What’s New In Kotlin 1.2 | 8 Added Features and Changes

First appeared in 2011, the statically-typed programming language Kotlin is now picking up speed – it is getting popular day-by-day. As per data and predictions, more than 20 percent of the applications built with Java before Google I/O 2017 are being built within Kotlin language. In future, it might even change how Java is used on the server. It is expected that Kotlin will surpass Java in December 2018.

The beta version of Kotlin 1.2 is out. No surprise, it focuses on stability and bug-fixes in compiler and tooling as well as enhancements of the Kotlin standard library. Let’s find out what changes have been made and what features they have added.

8. Treat Warnings as Errors

The Kotlin compiler gives you a choice to treat all program warnings as errors. Just add the snippet shown above, or go to the command line and type -Werror.

7. Improvements In Type Inference

The compiler now uses type casts information in type inference. If you call a generic method, which returns a type parameter S and cast the return value to particular type XYZ, the compiler automatically knows that S for this call should be bound to the type XYZ – an important feature for Android developers as from now onwards, Kotlin compiler can appropriately analyze findViewById calls in Android API Level 26.

6. Short-Hand Syntax For Bound Callable Reference

In Kotlin 1.2, you can eliminate this in expression such as this::doWork that generates callable references bound to a member of this. Now you only need to write ::doWork

5. New Package

The standard library of Kotlin is now completely compatible with Java 9 module system. They have added a new package named kotlin.math for executing mathematical operations in cross platform code.

The Kotlin 1.2 now supports inverse hyperbolic functions – acosh, asinh and atanh. Also, functions for presenting floating point numbers to binary, such as nextUP and toBits, are available for JavaScript.

4. Better Smart Casts

Kotlin 1.2 supports smart casting of subjects of safe casts (and also safe call’s receiver)

Furthermore, smart casts are allowed in closure if a local variable is modified before it (not inside or after).

3. Upgraded lateinit

Kotlin 1.2 comes with a new reflection API that lets you verify whether a lateinit variable has been initialized.

You can also use lateinit modifier on local variables and top-level properties. For instance, you can use it while initializing an object graph when objects in the graph have circular dependencies.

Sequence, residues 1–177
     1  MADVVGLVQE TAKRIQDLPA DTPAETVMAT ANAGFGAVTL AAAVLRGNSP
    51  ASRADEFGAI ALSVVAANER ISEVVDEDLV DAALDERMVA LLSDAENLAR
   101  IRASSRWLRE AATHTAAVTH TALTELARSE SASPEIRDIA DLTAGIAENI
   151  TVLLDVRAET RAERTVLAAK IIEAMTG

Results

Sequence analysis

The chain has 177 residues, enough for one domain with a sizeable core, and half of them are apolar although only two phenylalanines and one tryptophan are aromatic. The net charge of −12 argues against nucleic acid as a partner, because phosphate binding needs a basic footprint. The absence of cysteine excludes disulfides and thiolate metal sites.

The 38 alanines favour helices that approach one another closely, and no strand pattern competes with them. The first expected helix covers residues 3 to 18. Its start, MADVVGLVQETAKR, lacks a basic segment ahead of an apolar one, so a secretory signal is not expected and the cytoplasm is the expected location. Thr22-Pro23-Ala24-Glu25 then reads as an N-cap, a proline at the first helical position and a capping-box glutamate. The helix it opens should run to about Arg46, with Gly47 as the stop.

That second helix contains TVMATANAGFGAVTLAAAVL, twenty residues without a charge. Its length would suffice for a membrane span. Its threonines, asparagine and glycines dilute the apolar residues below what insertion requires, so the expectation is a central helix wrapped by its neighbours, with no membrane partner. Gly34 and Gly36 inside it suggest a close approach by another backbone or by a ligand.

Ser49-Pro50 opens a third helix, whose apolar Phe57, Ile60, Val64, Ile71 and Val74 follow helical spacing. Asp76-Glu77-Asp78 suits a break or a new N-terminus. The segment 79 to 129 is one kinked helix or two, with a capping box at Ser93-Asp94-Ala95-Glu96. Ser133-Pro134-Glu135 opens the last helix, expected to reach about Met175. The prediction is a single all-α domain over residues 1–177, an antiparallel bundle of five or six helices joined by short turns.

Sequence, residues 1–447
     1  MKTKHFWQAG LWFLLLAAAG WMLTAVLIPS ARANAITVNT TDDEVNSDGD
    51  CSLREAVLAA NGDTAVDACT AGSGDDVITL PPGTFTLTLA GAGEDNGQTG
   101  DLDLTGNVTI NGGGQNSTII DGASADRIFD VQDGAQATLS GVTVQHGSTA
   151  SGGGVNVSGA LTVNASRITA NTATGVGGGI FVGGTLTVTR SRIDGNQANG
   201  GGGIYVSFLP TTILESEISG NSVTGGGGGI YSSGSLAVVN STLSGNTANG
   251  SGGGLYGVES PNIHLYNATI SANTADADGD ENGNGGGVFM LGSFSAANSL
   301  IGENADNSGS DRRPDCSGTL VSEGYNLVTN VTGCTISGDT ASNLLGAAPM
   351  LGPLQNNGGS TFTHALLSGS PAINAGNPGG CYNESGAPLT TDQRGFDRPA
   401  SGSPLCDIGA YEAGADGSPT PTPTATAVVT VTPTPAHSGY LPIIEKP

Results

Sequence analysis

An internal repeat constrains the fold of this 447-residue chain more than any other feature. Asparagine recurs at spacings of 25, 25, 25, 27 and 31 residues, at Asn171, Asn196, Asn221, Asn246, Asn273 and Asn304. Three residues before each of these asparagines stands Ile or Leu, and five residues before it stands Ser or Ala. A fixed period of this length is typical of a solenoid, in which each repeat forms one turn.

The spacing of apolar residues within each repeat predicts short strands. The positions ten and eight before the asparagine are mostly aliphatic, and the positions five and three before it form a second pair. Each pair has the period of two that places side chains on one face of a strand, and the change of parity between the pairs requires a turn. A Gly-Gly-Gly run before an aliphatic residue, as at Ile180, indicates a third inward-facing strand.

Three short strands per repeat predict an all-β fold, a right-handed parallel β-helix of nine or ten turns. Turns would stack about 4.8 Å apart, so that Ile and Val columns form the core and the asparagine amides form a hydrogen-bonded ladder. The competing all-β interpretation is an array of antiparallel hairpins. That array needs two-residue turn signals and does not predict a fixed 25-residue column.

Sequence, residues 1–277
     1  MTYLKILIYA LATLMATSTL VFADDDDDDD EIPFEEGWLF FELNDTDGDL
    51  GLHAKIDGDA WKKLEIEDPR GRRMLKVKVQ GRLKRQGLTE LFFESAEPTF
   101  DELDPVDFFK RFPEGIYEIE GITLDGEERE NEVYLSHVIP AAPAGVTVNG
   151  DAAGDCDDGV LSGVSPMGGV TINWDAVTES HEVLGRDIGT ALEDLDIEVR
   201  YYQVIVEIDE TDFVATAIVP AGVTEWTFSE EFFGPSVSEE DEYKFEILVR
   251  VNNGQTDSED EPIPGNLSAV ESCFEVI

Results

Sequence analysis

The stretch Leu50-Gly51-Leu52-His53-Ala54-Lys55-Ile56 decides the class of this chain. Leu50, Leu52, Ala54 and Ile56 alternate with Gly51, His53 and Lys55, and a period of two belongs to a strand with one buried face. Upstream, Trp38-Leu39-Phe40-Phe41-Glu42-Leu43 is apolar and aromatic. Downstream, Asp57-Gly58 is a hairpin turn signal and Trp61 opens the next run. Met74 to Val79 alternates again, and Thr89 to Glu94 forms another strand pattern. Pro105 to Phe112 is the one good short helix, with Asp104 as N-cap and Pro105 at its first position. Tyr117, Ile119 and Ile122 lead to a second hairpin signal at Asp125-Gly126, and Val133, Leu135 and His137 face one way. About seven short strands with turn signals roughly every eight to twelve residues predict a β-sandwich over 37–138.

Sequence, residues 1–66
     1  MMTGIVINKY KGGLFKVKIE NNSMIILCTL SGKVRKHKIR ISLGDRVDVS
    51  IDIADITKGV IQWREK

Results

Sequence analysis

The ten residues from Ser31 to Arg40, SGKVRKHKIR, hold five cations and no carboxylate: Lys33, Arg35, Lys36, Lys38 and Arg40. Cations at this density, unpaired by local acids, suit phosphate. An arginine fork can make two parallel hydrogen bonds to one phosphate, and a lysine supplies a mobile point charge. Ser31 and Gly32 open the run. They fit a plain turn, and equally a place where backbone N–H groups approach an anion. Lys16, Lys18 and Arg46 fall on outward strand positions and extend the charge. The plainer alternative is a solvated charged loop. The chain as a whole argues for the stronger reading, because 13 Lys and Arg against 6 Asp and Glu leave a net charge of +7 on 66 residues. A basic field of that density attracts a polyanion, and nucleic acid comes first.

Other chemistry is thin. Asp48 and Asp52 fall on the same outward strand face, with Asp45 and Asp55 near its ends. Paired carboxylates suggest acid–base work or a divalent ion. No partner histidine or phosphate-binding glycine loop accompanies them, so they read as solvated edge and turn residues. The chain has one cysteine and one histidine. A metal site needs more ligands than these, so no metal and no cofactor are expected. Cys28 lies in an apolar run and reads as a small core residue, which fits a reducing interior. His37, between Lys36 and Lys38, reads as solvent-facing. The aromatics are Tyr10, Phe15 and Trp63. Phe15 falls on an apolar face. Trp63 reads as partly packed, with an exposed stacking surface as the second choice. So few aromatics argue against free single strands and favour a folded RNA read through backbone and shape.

2. Array Literals In Annotations

Kotlin now supports array literals in annotations. For instance, rather than writing @CacheConfig(cacheNames = arrayOf(“computers”, “tablets”)), you can simply write a literal expression @CacheConfig(cacheNames = [“computers”, “tablets”]).

Developers have made the syntax more consistent – now you can use array literals for array as well as vararg parameters.

@RequestMapping(value = [“12345”, “54321”], path = [“pathA”, “pathB”])

1. Multiplatform Projects

This is a new experimental feature that allows users to reuse code between supported target platform – JavaScript and JVM. The code is shared among platforms into a common module, and platform depended parts into platform depended module. The code for both common and platform-specific parts is produced when a user complies this type of project in a particular platform.

Read: What’s New In Java 9 | 19 Added Features and Changes

Multiplatform project is capable of expressing dependencies of common code on platform-specific parts via actual and expected declarations. An actual declaration is either a typalias that refers to an existing implementation of external library’s API or a platform-dependent implementation. Whereas, expected declaration defines an API (annotation, interface, class, and more).

If you have already tried this feature, you need to replace header and impl with expected and actual.

Written by
Varun Kumar

I am a professional technology and business research analyst with more than a decade of experience in the field. My main areas of expertise include software technologies, business strategies, competitive analysis, and staying up-to-date with market trends.

I hold a Master's degree in computer science from GGSIPU University. If you'd like to learn more about my latest projects and insights, please don't hesitate to reach out to me via email at [email protected].

View all articles
Leave a reply